I'm searching for word suggestions. Something that you could use in a line of prose, for example; "the auburn-haired person who forgets things often", with the "person who forgets things often" replaced by a single-word alternative. I've thought of simply shortening it to "the auburn-haired forgetful", but though having some initial charm, it simply comes across as very offputting.

This is why I'm turning to this site. I need some input and advice on giving an easier name for this phenomenon.

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    I've thought of simply shortening it to "the auburn-haired forgetful" - You can't really do that in English; turning an adjective into a noun by putting the definite article in front of it means "the class of people who are adjective", not "a specific person who is adjective". "The auburn-haired forgetful" would mean "all of the people who have auburn hair and are forgetful." – stangdon Sep 16 '16 at 18:57
  • I was about to suggest absent minded, but then forgot to consult my references to learn whether it ought to be hyphenated. Ditz is perhaps a little too muscular for the context, as is airhead. Before I finished thinking about it, JamesK provided the answer. (There is something delightfully evocative about the auburn-haired forgetful, though.) – P. E. Dant Reinstate Monica Sep 16 '16 at 19:45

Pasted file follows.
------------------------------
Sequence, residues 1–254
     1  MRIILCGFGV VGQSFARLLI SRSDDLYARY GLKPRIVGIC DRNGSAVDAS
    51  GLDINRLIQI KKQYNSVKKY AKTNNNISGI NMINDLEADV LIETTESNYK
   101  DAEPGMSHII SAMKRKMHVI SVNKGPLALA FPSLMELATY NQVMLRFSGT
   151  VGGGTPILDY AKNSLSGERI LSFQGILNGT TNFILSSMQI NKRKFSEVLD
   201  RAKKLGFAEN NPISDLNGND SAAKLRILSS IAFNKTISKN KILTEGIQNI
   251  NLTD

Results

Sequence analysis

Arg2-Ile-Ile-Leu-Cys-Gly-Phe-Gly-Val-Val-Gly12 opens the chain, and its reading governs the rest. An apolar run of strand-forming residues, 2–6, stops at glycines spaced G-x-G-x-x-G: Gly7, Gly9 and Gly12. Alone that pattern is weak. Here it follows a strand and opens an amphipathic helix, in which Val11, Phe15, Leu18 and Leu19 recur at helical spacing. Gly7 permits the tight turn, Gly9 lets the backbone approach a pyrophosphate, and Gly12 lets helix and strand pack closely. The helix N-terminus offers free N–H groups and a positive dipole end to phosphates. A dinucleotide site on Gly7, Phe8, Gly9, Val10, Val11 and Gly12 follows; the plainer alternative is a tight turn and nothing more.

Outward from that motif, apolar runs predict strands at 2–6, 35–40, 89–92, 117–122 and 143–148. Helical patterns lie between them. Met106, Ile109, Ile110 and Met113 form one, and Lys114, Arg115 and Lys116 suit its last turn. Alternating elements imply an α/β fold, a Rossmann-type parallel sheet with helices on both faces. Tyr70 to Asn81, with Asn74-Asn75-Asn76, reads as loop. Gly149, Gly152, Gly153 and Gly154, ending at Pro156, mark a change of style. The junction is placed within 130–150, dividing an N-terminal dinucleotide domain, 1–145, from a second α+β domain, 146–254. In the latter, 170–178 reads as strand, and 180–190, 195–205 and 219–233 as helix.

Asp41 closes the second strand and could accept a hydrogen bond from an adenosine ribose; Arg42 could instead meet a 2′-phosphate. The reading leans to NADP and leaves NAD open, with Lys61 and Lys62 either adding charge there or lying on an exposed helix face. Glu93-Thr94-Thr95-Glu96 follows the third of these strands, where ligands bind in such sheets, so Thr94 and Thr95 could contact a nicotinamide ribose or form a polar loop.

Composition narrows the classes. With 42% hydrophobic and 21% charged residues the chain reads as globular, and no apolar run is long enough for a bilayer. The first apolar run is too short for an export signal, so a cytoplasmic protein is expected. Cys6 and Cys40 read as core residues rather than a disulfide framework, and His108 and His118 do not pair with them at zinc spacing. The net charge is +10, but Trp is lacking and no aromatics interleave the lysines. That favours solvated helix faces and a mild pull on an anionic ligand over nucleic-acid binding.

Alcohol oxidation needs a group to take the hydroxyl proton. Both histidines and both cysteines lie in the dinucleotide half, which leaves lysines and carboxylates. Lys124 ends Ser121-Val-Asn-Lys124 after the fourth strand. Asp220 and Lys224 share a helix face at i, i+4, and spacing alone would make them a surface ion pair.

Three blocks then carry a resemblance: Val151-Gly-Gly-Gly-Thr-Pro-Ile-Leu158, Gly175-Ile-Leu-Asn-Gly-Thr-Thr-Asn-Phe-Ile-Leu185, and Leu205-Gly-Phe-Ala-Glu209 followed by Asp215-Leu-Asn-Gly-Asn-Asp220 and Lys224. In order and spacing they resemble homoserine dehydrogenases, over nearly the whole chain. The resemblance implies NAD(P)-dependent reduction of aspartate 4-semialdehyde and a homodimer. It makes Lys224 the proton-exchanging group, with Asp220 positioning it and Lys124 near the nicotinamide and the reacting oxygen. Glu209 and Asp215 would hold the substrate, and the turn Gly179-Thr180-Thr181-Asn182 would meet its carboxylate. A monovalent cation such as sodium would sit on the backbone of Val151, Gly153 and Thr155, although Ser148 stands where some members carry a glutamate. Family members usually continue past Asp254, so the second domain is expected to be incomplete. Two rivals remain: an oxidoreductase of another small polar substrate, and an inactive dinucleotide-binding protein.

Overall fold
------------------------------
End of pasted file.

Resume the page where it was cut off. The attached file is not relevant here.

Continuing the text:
• Using a noun to describe someone will always be more direct and evocative than using an adjective. So, "Bob is a scatterbrain" is a stronger statement than "Bob is scatterbrained". This happens because "Bob is a scatterbrain" is making an identification, whereas "Bob is scatterbrained" is just expressing a trait. – dan_waterworth Sep 16 '16 at 19:48
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    Thanks, everyone! Stangdon, thank you very much for the distinction. And good suggestions, Dant, and a good point, dan. – Mikael Malmberg Sep 16 '16 at 20:09

Consider the word "scatterbrain" - One who forgets things easily: http://dictionary.cambridge.org/dictionary/english/scatterbrain

It is a little "jocular" - that is, it is a light-hearted word. It's not a nasty word like "idiot" but it lacks seriousness.

  • Thanks! As a non-native English speaker, this helps a lot. I wasn't aware that "scatterbrain" holds a lighter connotation than, as you said, "idiot" - or perhaps "airhead" or "ditz", as mentioned by other commenters. – Mikael Malmberg Sep 16 '16 at 20:16

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